Everybody has a professional nightmare scenario. Publicists are no exception.
“I worry about sending an actress in to promote the wrong film,” says Lisa Kasteler. “That’s my nightmare.”
She and her business partner, Annett Wolf, recently celebrated their 15th anniversary presiding over Wolf-Kasteler & Associates, one of the higher-profile agencies in town. And come Oscar time, it all becomes a blur.
Certain thesps have a plethora of parts. When Kasteler is in charge of coordinating, say, Cate Blanchett’s publicity efforts involving more than one film during kudos season, naturally she is extra cautious about making sure the film the actress thinks she’s promoting in a particular interview is indeed the one she’s scheduled to promote.
Blanchett has “Babel” out now, and “The Good German” and “Notes on a Scandal” following shortly. Alec Baldwin has “Running With Scissors” and “The Departed” out, with Robert De Niro’s “The Good Shepherd” due in December. Matt Damon has “The Departed” and “The Good Shepherd.” Maggie Gyllenhaal may be considered for “Sherrybaby,” “World Trade Center” and “Stranger Than Fiction.”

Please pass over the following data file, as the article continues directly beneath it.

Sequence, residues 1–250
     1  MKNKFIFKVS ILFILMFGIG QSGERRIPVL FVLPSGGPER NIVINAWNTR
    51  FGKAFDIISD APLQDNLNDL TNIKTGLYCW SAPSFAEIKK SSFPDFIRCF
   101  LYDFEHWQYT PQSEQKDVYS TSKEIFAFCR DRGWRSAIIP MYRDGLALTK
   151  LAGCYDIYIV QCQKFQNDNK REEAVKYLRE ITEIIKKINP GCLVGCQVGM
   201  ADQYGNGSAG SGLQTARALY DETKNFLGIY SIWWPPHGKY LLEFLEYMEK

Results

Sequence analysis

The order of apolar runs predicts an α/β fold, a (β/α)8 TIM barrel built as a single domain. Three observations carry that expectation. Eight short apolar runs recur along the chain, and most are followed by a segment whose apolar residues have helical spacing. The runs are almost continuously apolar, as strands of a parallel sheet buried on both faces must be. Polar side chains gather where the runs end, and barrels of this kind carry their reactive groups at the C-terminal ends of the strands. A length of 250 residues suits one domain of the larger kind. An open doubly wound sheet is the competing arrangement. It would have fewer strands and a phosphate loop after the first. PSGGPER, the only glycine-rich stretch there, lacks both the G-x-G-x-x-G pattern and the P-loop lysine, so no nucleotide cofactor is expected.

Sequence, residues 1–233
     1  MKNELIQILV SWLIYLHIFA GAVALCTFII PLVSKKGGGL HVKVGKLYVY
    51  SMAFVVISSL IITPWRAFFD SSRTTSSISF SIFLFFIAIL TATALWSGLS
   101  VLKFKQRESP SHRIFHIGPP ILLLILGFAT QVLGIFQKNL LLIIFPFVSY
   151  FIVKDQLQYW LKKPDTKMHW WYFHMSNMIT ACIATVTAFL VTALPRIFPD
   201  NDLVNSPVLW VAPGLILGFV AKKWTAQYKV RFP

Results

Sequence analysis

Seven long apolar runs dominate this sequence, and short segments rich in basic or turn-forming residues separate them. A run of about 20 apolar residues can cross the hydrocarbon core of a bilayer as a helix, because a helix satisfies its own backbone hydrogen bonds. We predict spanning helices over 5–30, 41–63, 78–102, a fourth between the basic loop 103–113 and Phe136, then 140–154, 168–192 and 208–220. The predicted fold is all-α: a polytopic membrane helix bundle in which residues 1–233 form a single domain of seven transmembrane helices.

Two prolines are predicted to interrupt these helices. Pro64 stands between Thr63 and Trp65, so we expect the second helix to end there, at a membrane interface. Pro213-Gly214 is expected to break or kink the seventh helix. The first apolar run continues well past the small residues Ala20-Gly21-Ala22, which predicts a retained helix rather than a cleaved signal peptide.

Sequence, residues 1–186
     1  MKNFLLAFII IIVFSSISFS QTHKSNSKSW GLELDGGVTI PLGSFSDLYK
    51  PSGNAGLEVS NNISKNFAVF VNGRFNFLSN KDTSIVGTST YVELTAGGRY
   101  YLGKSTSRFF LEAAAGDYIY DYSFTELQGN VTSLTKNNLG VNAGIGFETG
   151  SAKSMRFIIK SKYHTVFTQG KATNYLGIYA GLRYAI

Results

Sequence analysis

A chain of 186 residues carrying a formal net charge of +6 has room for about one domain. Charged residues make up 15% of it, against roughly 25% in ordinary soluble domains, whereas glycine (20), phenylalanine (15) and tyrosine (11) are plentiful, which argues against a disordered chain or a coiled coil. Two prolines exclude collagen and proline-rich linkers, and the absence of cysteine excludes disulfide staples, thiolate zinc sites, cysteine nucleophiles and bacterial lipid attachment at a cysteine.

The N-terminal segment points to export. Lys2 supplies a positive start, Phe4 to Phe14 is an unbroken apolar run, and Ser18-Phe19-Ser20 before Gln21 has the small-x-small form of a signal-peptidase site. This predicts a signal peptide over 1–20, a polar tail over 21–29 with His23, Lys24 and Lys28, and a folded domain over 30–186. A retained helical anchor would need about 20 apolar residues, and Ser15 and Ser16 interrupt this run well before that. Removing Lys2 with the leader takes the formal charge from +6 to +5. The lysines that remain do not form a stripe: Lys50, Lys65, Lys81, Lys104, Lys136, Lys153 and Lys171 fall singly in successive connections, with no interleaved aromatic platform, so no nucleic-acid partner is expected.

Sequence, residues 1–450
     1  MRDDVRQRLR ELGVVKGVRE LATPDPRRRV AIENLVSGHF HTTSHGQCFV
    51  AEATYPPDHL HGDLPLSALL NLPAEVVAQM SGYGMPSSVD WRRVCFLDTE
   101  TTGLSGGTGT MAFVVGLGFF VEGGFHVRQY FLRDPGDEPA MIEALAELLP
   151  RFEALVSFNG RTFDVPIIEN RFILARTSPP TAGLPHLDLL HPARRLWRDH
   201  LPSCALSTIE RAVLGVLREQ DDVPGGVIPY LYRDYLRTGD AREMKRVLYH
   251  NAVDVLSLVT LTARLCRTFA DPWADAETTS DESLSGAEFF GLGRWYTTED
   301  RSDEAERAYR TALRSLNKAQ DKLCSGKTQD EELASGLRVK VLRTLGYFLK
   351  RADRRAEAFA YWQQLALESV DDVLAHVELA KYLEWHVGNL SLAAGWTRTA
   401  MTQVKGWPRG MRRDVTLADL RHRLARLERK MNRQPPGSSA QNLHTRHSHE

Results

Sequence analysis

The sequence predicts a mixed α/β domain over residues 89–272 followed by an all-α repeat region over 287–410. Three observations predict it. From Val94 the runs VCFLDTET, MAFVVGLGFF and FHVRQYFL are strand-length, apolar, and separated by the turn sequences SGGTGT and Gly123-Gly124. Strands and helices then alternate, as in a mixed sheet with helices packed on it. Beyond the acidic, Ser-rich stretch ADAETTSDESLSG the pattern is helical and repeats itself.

Gyllenhaal not only has multiple films to keep track of, she also had to monitor her pregnancy while doing publicity.
“I did a lot of press for ‘Sherrybaby’ pregnant,” Gyllenhaal says, “and then I had to stop and take care of myself. The only downside was that it alerted the tabloids that my baby was coming. Aside from that, it was fine.”
“The one sad thing is that I love ‘Stranger Than Fiction’ and couldn’t do anything for that. When I was doing press for ‘Sherrybaby,’ I was so pregnant. I went on ‘Jon Stewart’ and I was so big and I was like, ‘Look at me. Please, come see my movie.’ ”
For a Hollywood publicist, it is a hectic time, but often a rewarding one, too.
“It’s a nice problem to have,” says Kasteler, whose firm also handles Emilio Estevez (with the upcoming “Bobby”), Tim Robbins and Nicolas Cage. “Until the end of February, it’s crazy if you have a few clients in this situation. I also have many others who are not Oscar contenders and they still have work to be promoted. We can’t just focus on possible nominees.”